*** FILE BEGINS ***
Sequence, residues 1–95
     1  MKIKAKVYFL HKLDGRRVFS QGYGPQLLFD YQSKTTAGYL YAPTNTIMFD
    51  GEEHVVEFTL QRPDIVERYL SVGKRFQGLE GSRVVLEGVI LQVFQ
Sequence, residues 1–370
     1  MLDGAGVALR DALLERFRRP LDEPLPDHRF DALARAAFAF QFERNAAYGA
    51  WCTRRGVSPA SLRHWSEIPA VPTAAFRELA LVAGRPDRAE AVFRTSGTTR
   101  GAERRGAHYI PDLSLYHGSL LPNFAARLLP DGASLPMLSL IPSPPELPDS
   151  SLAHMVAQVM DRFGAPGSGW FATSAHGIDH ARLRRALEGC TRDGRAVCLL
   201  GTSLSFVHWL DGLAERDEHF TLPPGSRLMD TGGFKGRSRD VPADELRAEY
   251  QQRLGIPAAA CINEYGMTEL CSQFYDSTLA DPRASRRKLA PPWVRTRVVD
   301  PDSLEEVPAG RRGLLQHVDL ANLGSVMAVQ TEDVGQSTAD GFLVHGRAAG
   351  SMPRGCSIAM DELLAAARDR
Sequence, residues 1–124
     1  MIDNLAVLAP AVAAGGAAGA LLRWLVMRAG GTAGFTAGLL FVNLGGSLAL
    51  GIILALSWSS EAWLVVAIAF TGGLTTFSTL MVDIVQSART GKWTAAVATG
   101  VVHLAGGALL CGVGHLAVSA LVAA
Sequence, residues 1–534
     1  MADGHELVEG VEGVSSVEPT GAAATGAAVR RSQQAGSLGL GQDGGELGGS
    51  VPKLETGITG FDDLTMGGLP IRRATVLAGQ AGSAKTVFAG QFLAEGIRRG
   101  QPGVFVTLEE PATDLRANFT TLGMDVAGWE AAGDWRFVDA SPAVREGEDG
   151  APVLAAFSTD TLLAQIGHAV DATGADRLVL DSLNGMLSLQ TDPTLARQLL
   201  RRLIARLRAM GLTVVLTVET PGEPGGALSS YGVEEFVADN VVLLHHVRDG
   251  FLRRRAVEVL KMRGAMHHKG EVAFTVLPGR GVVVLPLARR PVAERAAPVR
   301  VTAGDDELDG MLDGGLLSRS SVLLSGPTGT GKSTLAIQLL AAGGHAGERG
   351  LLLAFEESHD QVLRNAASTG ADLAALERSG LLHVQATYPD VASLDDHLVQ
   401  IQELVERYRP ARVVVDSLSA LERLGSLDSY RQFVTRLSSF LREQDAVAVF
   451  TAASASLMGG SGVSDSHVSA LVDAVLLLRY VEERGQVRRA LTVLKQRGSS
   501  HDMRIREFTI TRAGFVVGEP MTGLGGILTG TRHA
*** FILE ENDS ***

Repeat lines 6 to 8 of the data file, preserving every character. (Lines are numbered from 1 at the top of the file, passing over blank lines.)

    51  WCTRRGVSPA SLRHWSEIPA VPTAAFRELA LVAGRPDRAE AVFRTSGTTR
   101  GAERRGAHYI PDLSLYHGSL LPNFAARLLP DGASLPMLSL IPSPPELPDS
   151  SLAHMVAQVM DRFGAPGSGW FATSAHGIDH ARLRRALEGC TRDGRAVCLL